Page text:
Different approach: Lassen Park plans little cleanup of Reading Fire acreageLassen National Park officials are taking a very different approach to restoring areas burned in the Reading Fire last summer.
While the park's neighbor to the north, the Lassen National Forest, plans to log trees and replant seedlings on thousands of acres, the park will cut down relatively few trees.
That's because the park's mission is primarily preservation and recreation, which doesn't include harvesting trees, even after a fire, said Karen Haner, a park spokeswoman.
"The National Park Service has a mission of preservation and we don't sell any of the resources we've been given to preserve," Haner said.
The Reading Fire was one of three large Shasta County fires ignited by lightning last summer. The Ponderosa Fire burned about 28,000 acres around Shingletown and Manton, and the Bagley Fire consumed about 46,000 acres in an area northeast of Lake Shasta and west of Big Bend.
Lassen National Forest officials are doing environmental assessments of work to repair damage done during the Reading Fire, which burned about 28,000 acres last summer. Most of the land burned was in the national park, but about 11,000 acres charred was in the national forest.
Part of the Lassen forest's restoration includes a proposal to harvest trees on 6,580 acres. They also propose replanting on 7,915 acres to replace trees burned and harvested, according to a forest service report on the Reading Fire.
About 64 percent of the 17,000 acres that burned in the park were in wilderness, where fire is considered a natural part of the environment, so park managers plan to let the area recover from the fire naturally, Haner said.
"We allow the natural processes to dominate the landscape," She said.
A lightning strike started the Reading Fire in a wilderness area in the park on July 23. Park officials monitored the fire, but let it burn. Over the next two weeks the fire grew from a quarter acre to 104 acres, according to a Burned Area Emergency Response Plan written in September.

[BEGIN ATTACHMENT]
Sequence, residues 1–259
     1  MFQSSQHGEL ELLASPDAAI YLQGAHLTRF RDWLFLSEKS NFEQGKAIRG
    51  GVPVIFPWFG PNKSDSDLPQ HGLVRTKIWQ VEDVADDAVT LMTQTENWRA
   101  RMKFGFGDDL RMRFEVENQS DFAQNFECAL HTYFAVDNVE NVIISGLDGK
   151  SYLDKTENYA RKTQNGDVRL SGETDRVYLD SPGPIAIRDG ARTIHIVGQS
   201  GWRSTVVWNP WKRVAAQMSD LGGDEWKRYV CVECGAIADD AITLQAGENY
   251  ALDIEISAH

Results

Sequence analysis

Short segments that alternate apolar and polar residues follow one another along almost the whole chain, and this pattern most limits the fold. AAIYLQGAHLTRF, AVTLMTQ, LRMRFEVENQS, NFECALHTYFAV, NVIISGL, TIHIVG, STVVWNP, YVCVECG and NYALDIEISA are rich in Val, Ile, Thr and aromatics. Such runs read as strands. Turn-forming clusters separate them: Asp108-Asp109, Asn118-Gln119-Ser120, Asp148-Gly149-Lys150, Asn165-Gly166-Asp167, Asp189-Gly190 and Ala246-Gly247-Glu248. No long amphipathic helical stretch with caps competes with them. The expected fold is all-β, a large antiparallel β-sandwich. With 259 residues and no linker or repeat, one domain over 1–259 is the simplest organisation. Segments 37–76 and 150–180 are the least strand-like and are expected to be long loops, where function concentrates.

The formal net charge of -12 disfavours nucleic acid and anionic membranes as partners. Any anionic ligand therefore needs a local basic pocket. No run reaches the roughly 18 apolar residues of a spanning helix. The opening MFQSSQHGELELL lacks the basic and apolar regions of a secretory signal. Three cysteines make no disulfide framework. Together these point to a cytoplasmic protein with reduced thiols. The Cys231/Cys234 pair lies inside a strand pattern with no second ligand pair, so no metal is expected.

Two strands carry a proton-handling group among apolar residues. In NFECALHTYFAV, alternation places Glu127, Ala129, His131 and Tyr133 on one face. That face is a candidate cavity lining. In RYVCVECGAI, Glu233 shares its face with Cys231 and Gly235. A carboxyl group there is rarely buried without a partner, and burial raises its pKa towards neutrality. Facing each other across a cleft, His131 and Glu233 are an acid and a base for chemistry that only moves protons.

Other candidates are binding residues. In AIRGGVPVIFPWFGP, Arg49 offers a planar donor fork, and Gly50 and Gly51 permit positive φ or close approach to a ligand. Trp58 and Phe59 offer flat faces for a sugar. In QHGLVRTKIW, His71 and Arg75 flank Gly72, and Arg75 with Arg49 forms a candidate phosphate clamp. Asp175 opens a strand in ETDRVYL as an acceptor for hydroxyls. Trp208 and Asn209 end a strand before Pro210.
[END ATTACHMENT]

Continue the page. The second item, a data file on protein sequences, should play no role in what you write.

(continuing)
But on Aug. 6, high winds blew the fire out of control and by the end of the day the blaze was 1,011 acres. At that point, crews changed their tactics, to bring the fire back under control. The blaze was contained on Aug. 22, the BAER report says.
Haner said the post-fire work being done in the park is designed to prevent erosion and damage to streams and archeological sites. Crews also are removing trees that could fall near trails, roads and other recreation areas. And they are monitoring the burned areas to make sure non-native weeds and other pest plants don't start growing there, she said.
About 50 percent of the restoration work was completed before snow and cold weather forced crews to suspend work for the season, Haner said. Work is expected to start up again once weather and conditions allow in the late spring or summer.
Restoration work hasn't yet begun in areas of the Lassen National Forest burned by the Reading Fire.
Most of the acreage burned in the Ponderosa Fire was private land. Sierra Pacific Industries of Anderson, which owned most of the property burned, has completed about 60 percent of the logging planned in the burned area.
SPI lost about 80 million board-feet of lumber in the Ponderosa Fire and about 100 million board-feet in the Bagley Fire.
Most of the Bagley Fire burned in the Shasta-Trinity National Forest, which plans to have a proposed restoration scoping report available for public review in March, said Kristy Cottini, district ranger for the Shasta Lake Ranger District.
Roads in the Bagley Fire area were damaged during winter storms. The upper reaches of the Squaw Creek arm of Lake Shasta area also closed to catch debris that has washed downstream, Cottini said.Source: http://www.redding.com/news/2013/jan/23/different-approach-lassen-park-plans-little-up/
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